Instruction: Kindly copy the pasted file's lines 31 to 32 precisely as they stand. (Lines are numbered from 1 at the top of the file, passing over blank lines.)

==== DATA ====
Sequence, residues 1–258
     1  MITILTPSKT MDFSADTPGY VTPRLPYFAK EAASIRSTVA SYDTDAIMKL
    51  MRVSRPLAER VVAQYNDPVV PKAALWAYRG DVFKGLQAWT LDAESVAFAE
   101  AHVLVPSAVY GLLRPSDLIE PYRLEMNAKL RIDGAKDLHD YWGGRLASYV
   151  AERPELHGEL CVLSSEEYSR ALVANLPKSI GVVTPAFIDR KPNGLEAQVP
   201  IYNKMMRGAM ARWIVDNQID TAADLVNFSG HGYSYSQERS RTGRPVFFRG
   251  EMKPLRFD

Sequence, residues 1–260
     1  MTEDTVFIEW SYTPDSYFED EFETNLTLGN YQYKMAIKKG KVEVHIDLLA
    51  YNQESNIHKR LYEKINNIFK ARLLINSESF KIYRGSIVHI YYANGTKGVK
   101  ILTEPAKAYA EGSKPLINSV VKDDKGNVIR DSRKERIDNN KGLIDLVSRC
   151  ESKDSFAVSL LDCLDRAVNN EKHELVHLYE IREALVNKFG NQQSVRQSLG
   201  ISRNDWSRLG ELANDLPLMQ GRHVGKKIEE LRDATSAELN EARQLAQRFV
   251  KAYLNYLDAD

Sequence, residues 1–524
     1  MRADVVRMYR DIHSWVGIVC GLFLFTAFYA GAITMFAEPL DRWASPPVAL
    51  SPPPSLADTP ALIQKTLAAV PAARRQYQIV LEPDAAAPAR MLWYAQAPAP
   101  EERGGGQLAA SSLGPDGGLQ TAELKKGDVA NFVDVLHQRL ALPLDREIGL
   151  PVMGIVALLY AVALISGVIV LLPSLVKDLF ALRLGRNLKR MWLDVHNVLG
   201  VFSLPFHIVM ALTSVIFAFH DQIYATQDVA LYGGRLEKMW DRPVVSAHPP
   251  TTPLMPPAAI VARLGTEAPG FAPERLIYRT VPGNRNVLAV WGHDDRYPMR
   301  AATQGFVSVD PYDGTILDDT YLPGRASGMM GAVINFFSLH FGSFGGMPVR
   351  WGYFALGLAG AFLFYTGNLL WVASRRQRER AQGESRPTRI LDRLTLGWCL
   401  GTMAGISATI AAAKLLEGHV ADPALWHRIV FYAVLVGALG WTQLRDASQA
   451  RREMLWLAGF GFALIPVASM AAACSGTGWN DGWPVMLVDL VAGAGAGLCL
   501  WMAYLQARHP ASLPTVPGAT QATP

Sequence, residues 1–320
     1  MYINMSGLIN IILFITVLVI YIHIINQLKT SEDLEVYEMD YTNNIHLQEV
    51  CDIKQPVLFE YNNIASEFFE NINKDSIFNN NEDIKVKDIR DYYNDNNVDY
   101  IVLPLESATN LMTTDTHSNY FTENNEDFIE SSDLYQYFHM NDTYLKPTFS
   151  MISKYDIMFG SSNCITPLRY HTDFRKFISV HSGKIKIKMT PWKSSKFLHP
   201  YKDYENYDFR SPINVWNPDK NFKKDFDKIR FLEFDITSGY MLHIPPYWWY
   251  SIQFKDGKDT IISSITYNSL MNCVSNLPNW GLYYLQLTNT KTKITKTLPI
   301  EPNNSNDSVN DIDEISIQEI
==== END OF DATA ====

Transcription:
   151  MISKYDIMFG SSNCITPLRY HTDFRKFISV HSGKIKIKMT PWKSSKFLHP
   201  YKDYENYDFR SPINVWNPDK NFKKDFDKIR FLEFDITSGY MLHIPPYWWY